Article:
Increase in Extreme Sport Head, Neck Injuries

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AAOS: Extreme Sport Head, Neck Injuries Rose 2000-2011
AAOS: Extreme Sport Head, Neck Injuries Rose 2000-2011

(HealthDay News) — The incidence of head and neck injuries (HNIs) resulting from participation in extreme sports increased from 2000–2011, according to a study presented at the annual meeting of the American Academy of Orthopaedic Surgeons, held from March 11–15 in New Orleans.

Vinay K. Sharma, from Western Michigan University in Kalamazoo, and colleagues utilized data from the 2000–2011 National Electronic Injury Surveillance System to identify injuries from seven popular sports included in the Winter and Summer X Games.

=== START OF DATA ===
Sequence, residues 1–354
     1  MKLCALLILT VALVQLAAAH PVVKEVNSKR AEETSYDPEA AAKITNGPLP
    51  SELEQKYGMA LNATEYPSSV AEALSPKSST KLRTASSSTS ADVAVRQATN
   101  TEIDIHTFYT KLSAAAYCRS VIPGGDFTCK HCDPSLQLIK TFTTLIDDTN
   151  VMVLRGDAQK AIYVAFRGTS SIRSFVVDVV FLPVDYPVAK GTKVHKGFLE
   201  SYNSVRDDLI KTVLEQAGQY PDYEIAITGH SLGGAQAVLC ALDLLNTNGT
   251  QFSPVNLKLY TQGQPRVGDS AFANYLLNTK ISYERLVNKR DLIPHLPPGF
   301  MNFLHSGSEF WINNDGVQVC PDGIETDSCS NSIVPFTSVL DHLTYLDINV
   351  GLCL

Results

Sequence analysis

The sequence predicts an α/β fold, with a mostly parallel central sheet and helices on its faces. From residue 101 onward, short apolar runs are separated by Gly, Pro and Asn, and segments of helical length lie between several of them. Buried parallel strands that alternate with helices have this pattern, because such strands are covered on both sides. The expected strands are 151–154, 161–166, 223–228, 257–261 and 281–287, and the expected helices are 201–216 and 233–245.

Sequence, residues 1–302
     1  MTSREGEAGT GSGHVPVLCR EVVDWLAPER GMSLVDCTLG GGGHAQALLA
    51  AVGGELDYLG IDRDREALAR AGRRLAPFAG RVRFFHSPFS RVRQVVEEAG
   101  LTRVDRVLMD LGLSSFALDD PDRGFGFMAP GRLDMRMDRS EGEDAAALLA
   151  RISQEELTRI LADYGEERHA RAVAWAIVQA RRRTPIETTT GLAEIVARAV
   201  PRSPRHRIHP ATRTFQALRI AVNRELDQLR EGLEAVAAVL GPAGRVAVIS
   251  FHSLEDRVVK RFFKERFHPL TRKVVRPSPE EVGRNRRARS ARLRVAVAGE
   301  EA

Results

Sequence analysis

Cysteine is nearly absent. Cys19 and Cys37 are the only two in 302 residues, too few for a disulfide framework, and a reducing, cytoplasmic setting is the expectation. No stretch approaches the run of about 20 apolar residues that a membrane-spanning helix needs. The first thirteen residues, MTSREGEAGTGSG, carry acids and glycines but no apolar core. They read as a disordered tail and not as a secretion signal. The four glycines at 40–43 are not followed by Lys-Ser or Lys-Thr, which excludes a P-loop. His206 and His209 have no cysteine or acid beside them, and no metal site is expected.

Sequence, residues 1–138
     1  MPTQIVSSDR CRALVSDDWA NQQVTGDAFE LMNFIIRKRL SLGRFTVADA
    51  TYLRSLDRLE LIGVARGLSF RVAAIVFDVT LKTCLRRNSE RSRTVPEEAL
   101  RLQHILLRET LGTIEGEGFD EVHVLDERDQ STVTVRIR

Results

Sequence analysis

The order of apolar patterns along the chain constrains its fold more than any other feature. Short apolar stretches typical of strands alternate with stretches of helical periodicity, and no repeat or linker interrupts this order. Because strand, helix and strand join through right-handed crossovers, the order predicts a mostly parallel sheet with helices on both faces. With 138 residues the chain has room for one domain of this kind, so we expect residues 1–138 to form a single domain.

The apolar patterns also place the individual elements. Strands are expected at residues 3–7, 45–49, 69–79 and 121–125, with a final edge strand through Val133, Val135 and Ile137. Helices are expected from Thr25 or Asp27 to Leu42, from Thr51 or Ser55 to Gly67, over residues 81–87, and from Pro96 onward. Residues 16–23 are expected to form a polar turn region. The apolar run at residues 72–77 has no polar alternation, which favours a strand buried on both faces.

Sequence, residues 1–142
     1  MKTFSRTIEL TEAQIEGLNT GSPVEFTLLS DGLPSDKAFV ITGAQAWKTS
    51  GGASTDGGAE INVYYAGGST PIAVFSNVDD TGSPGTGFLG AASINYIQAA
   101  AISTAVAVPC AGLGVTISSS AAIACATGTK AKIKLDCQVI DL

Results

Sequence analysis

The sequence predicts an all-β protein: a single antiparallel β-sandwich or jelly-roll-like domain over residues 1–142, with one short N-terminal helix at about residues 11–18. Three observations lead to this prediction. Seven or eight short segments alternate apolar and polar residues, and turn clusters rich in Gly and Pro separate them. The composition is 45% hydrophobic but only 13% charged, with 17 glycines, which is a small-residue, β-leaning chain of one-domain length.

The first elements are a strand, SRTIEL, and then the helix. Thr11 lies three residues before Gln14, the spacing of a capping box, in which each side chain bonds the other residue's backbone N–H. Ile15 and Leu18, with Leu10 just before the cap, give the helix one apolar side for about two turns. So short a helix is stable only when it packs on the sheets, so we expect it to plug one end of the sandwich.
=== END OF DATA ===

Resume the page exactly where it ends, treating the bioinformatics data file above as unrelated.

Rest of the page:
The researchers found that of the four million plus injuries reported for extreme sports participants over the study period, 11.3% were HNIs (83% head injuries and 17% neck injuries). HNIs had the highest total incidence in skateboarding (129,600), snowboarding (97,527), skiing (83,313), and motocross (78,236). The incidence of severe HNIs (cervical or skull fracture) was 2.5% of all extreme sports HNIs. There was not a consistent year-to-year trend, although the incidence of extreme sports HNIs increased from year 2000 (34,065) to 2010 (40,042).

"A greater awareness of the dangers associated with these sports offer an opportunity for sports medicine and orthopedic physicians to advocate for safer equipment, improved on-site medical care, and further research regarding extreme sports injuries," the authors write.

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